Why is Music Journalism Collapsing?

Ted Gioia, writing on the collapse of music journalism:

Before streaming, everybody in the value chain needed new music. The record stores would go broke if people just listened to the old songs over and over. 

And the same was true for record distributors, record labels, radio stations, nightclub owners, and music writers. Everybody needed hot new songs and rising new musicians.

Of course, fans also benefited. Life gets boring if you just listen to the same songs year after year, decade after decade. But there was no risk of that. The music industry worked tirelessly to find exciting new music, and share it with the world.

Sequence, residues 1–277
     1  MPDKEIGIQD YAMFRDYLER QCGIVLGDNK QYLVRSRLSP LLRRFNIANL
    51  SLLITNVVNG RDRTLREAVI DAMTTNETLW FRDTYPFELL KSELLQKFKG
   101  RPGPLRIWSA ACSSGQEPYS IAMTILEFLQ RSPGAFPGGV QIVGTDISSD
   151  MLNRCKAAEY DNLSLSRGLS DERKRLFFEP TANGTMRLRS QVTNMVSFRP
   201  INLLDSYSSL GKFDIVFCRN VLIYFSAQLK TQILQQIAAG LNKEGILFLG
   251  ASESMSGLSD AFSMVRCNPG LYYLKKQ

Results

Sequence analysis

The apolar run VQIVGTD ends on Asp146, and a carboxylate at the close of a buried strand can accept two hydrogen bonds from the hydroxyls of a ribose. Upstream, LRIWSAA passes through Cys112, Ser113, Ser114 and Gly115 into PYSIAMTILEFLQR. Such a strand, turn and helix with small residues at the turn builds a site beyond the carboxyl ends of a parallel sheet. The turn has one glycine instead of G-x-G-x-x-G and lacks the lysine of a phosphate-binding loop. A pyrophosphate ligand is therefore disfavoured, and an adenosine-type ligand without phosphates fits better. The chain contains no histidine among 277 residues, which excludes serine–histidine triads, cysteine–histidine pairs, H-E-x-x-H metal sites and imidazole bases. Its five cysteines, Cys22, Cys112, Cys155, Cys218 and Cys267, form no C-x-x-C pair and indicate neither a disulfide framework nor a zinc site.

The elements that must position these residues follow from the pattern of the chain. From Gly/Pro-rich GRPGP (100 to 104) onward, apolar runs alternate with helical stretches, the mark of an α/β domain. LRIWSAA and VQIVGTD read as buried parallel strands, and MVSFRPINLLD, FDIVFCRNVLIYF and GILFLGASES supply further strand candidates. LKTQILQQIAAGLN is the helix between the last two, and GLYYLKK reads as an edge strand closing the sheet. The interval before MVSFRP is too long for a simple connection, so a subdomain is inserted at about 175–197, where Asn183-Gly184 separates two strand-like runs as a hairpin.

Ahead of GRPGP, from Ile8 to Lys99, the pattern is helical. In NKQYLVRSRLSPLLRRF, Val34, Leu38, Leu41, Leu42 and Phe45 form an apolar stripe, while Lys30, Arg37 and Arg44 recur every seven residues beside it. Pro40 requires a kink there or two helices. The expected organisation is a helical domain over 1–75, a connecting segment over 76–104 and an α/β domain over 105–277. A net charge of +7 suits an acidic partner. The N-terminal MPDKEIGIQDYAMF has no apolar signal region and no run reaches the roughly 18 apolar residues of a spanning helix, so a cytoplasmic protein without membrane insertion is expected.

That business model is now disappearing. The people who run the industry killed it—and now we live with the consequences.

The irony is that exciting new music is still getting released—but almost nobody hears it. The system actively works to hide it.

And occasionally an artist breaks through the industry inertia, and proves that fans still want exciting new music experiences. But here, too, entrenched interests do almost nothing to support this—and much to hinder it.